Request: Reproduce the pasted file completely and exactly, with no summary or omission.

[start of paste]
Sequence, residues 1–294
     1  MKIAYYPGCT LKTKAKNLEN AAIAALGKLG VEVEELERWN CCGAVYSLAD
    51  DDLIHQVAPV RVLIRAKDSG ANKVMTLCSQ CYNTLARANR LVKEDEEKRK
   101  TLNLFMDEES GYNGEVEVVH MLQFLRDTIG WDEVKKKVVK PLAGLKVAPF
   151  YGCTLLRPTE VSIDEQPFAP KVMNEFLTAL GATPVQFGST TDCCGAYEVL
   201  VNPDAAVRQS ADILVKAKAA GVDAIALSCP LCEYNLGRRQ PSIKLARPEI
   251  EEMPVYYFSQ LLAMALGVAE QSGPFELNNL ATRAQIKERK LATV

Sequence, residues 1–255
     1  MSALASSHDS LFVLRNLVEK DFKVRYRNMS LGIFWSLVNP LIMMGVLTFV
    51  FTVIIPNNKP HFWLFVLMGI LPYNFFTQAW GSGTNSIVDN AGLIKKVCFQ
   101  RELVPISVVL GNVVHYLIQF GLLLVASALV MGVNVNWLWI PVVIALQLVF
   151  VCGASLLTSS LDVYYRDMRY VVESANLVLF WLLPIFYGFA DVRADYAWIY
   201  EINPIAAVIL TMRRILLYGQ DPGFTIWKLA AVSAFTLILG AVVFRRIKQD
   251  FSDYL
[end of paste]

Sequence, residues 1–294
     1  MKIAYYPGCT LKTKAKNLEN AAIAALGKLG VEVEELERWN CCGAVYSLAD
    51  DDLIHQVAPV RVLIRAKDSG ANKVMTLCSQ CYNTLARANR LVKEDEEKRK
   101  TLNLFMDEES GYNGEVEVVH MLQFLRDTIG WDEVKKKVVK PLAGLKVAPF
   151  YGCTLLRPTE VSIDEQPFAP KVMNEFLTAL GATPVQFGST TDCCGAYEVL
   201  VNPDAAVRQS ADILVKAKAA GVDAIALSCP LCEYNLGRRQ PSIKLARPEI
   251  EEMPVYYFSQ LLAMALGVAE QSGPFELNNL ATRAQIKERK LATV

Sequence, residues 1–255
     1  MSALASSHDS LFVLRNLVEK DFKVRYRNMS LGIFWSLVNP LIMMGVLTFV
    51  FTVIIPNNKP HFWLFVLMGI LPYNFFTQAW GSGTNSIVDN AGLIKKVCFQ
   101  RELVPISVVL GNVVHYLIQF GLLLVASALV MGVNVNWLWI PVVIALQLVF
   151  VCGASLLTSS LDVYYRDMRY VVESANLVLF WLLPIFYGFA DVRADYAWIY
   201  EINPIAAVIL TMRRILLYGQ DPGFTIWKLA AVSAFTLILG AVVFRRIKQD
   251  FSDYL